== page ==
By Terence Creamer
September 6, 2018 - A new report into South Africa’s coal sector argues that any subsidies set aside for the country’s “inevitable” transition away from coal in electricity production should be tailored to protect workers, their dependants and communities, rather than Eskom, or the coal sector as a whole.
Published by the University of Cape Town’s Energy Research Centre (ERC), the study warns that the domestic coal industry is in crisis, owing to environmental pressures, as well as a loss of competitiveness.
Eskom’s coal costs have increased by 300% in real terms over the past 20 years, the ‘Coal Transition in South Africa’ report shows.
At the same time, the cost of new renewable-energy capacity has fallen to levels where it “is now considerably cheaper on a levelized cost and system basis than either new Eskom coal-fired power plants (under construction) or proposed privately owned coal plants”.
The rise in coal costs, coupled with cost overruns and delays at Medupi and Kusile, have placed Eskom under intense financial pressure, despite dramatic increases in electricity tariffs since 2007. Using 2018 prices, the Eskom tariff has increased from less than 40c/kWh to close to 90c/kWh over the period.
“Coal is no longer a cheap and bountiful resource that can ensure security of supply for Eskom power plants. As the trends already show, closures of plants and mines are inevitable – the question is not if closures will happen, but when,” the authors state.
What matters, ERC principal researcher Jesse Burton argues, is how the Department of Energy (DoE) and related Ministries “deal with the inevitable”.
The DoE’s draft Integrated Resource Plan (IRP 2018) also forecasts a fall in the role of coal in South Africa's electricity mix to 2030, despite making a policy adjustment to cater for 1,000 MW of new coal from two independent power producers.
Should the new capacity be introduced as envisaged in the draft IRP 2018, South Africa's electricity system will comprise the following mix of generation sources by 2030: 34,000 MW of coal (46%); 1,860 MW of nuclear (2.5%); 4,696 MW of hydro (6%); 2,912 MW of pumped storage (4%); 7,958 MW of solar PV (10%); 11,442 MW of wind (15%); 11,930 MW of gas (16%) and 600 MW of concentrated solar power (1%).
Such a mix would represent a marked change from the current system, whereby coal-fired generators comprise around 90% of the mix. The fall in the dominance of coal by 2030 is premised on the decommissioning of several old coal plants. The IRP 2018 assumes that 28 GW of coal-fired capacity will be decommissioned by 2040 and 35 GW by 2050.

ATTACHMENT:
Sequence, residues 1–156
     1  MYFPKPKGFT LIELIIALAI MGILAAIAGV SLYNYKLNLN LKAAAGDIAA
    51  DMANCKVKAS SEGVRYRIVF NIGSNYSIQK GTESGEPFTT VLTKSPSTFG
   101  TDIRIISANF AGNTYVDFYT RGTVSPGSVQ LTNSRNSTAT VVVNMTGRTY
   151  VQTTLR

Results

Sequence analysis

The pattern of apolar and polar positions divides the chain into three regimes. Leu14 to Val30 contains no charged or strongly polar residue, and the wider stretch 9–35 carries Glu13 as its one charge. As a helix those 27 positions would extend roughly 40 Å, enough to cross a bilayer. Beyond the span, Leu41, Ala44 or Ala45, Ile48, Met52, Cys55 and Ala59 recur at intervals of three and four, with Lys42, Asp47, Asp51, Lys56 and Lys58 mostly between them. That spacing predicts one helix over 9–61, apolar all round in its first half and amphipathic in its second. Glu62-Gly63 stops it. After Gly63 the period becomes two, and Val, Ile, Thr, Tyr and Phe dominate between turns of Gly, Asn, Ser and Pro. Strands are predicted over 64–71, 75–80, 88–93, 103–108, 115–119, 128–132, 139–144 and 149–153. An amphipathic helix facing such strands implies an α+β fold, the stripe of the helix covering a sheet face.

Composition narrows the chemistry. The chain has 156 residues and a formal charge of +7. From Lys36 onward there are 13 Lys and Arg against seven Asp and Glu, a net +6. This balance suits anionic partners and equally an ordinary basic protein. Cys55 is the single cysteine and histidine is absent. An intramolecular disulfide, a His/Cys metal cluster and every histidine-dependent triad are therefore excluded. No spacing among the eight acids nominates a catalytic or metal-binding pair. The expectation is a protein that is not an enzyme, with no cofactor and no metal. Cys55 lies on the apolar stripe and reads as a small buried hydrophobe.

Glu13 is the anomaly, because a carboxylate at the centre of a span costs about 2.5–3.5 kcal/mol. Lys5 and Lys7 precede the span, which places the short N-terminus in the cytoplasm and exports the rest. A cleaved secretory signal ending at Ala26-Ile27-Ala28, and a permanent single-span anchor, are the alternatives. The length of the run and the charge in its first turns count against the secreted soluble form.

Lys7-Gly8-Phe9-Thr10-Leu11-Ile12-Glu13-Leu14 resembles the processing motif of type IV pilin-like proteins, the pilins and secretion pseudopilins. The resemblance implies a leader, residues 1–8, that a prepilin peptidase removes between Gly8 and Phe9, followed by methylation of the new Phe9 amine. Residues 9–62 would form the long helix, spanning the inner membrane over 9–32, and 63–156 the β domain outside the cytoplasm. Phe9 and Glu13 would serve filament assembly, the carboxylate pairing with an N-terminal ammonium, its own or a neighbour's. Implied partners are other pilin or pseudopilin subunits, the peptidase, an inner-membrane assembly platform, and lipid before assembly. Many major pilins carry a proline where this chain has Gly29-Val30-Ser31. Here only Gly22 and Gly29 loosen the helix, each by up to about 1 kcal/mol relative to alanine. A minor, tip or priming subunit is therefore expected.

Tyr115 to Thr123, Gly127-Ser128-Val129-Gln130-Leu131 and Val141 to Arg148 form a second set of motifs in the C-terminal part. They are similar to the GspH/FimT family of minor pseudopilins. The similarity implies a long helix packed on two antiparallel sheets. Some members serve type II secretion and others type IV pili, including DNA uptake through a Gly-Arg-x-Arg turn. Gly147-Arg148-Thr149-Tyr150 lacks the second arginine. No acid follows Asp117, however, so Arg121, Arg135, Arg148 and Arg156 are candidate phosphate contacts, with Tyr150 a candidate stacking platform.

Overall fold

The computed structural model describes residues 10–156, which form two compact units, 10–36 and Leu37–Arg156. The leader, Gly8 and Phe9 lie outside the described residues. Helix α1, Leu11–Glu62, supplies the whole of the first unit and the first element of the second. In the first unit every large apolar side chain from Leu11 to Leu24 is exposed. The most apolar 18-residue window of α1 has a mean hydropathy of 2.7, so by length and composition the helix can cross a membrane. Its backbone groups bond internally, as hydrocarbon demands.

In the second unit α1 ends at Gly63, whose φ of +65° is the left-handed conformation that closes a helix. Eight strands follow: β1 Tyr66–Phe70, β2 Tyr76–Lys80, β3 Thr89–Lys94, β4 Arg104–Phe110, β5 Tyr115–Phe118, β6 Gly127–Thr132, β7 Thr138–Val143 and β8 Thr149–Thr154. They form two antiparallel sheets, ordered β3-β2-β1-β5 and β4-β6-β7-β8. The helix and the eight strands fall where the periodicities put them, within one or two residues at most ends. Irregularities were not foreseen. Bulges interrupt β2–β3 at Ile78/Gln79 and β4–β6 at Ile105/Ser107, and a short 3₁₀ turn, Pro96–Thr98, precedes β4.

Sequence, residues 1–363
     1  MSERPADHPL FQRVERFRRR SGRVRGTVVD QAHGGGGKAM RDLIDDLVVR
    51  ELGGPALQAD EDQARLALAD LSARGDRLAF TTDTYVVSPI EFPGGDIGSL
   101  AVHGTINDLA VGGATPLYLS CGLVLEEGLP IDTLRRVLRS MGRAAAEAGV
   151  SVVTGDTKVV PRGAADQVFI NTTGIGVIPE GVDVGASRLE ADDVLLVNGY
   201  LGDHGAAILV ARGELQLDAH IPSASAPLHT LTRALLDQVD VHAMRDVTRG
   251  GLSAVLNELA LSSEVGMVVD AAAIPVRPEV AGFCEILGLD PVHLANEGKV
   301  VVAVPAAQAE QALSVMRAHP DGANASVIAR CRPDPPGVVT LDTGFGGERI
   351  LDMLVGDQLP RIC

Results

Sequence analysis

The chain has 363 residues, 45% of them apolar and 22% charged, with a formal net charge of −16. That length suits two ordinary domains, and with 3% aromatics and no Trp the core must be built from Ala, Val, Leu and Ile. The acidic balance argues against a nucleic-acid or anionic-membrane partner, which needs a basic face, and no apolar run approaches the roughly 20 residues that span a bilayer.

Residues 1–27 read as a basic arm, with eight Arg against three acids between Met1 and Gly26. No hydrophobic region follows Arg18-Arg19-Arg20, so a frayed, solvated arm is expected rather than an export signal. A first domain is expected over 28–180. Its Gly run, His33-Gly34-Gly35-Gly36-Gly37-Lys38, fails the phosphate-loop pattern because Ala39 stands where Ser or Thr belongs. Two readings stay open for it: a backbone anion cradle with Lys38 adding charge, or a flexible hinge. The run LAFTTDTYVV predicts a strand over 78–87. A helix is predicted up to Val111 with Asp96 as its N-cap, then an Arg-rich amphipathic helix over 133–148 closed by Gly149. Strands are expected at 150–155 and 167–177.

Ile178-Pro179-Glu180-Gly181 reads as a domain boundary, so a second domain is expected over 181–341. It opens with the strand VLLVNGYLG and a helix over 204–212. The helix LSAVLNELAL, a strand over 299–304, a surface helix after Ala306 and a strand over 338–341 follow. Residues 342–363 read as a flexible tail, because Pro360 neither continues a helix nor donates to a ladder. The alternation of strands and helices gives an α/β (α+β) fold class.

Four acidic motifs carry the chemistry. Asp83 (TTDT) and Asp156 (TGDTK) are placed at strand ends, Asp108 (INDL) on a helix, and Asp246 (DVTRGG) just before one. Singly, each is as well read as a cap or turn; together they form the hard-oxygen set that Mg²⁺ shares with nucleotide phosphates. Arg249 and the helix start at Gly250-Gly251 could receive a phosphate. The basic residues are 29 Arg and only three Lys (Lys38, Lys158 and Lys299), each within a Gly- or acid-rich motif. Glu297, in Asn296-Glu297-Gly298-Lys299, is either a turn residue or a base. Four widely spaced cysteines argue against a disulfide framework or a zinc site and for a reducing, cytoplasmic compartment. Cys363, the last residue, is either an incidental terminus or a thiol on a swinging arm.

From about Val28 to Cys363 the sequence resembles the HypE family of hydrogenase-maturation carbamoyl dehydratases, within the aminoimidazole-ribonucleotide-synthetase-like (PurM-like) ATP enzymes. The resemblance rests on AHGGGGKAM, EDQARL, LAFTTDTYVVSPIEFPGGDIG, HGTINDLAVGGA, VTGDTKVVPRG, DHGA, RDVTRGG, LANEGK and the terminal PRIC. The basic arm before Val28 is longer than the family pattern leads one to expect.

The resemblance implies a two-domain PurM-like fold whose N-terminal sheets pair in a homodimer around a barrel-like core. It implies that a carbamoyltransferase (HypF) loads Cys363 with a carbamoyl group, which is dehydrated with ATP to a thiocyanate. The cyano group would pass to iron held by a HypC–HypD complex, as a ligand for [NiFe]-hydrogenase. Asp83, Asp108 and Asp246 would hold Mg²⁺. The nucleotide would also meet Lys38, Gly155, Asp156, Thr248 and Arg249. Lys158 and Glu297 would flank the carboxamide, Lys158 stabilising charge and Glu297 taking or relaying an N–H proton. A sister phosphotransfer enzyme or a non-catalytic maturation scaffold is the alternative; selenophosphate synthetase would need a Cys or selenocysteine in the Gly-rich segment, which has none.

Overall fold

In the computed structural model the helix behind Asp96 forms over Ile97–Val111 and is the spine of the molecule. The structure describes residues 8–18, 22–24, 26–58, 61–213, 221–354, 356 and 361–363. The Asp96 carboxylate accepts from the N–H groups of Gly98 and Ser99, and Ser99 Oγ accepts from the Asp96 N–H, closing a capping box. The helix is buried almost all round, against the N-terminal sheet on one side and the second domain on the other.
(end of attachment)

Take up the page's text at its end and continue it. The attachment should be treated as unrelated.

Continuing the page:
Coal jobs are lost under all scenarios tested in the ERC study, including one that models a gradual decline through the retirement of existing power-station capacity according to an assumed 50-year life. However, the pace at which jobs are lost is even faster under scenarios where South Africa moves to meet its ‘low’ peak-plateau-decline emissions trajectory, in line with what the report calls a ‘2°C compatible transition’.
Even under the gradual scenario, employment in coal mining is expected to decrease by 28,200 workers by 2050, when compared with the 78,000 workers employed in the sector in 2015.
However, the economic results in the study show that it is possible to both meet climate change targets and grow the economy, with large investments in new renewable energy having positive cost and employment spin-offs. In fact, the net job effects of a large scale roll-out of solar and wind are positive.
Nevertheless, there are risks for workers at coal-fired stations, mines, and the communities that depend on these assets “if there is no orderly and properly resourced transition”.
The fact that South Africa’s coal-fired stations and mines are concentrated in the Mpumalanga province poses a particular threat to socioeconomic stability in the region.
“Evidence from previous transitions, from this study, and from recent coal sector trends suggests that unless supported, the effects on Mpumalanga’s, and to a lesser extent, Limpopo’s, coal workforce are serious,” the authors caution.
They add that, while subsidies for Eskom are an option, the ability of the State to continue to prop Eskom up is limited, and the money would, thus, be better spent in supporting workers and regional development initiatives to diversify the structure of the Mpumalanga economy to make it more robust.
“Planning for the transition and for the possible impacts on coal workers requires a plan on which plants will close and when, who can be redeployed, who is retained and who pays. These are all considerations that need to be addressed with immediacy given that the transition is already under way.”
The study was completed by Burton, together with Tara Caetano and Bryce McCall as part of a global report into coal transition strategies around the world. The initiative is being coordinated by French energy think tank The Institute for Sustainable Development and International Relations, and Climate Strategies.